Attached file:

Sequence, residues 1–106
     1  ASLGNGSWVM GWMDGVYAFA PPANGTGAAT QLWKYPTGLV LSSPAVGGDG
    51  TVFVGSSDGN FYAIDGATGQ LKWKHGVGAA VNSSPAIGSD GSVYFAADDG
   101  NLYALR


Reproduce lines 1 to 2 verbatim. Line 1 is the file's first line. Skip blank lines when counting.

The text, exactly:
Sequence, residues 1–106
     1  ASLGNGSWVM GWMDGVYAFA PPANGTGAAT QLWKYPTGLV LSSPAVGGDG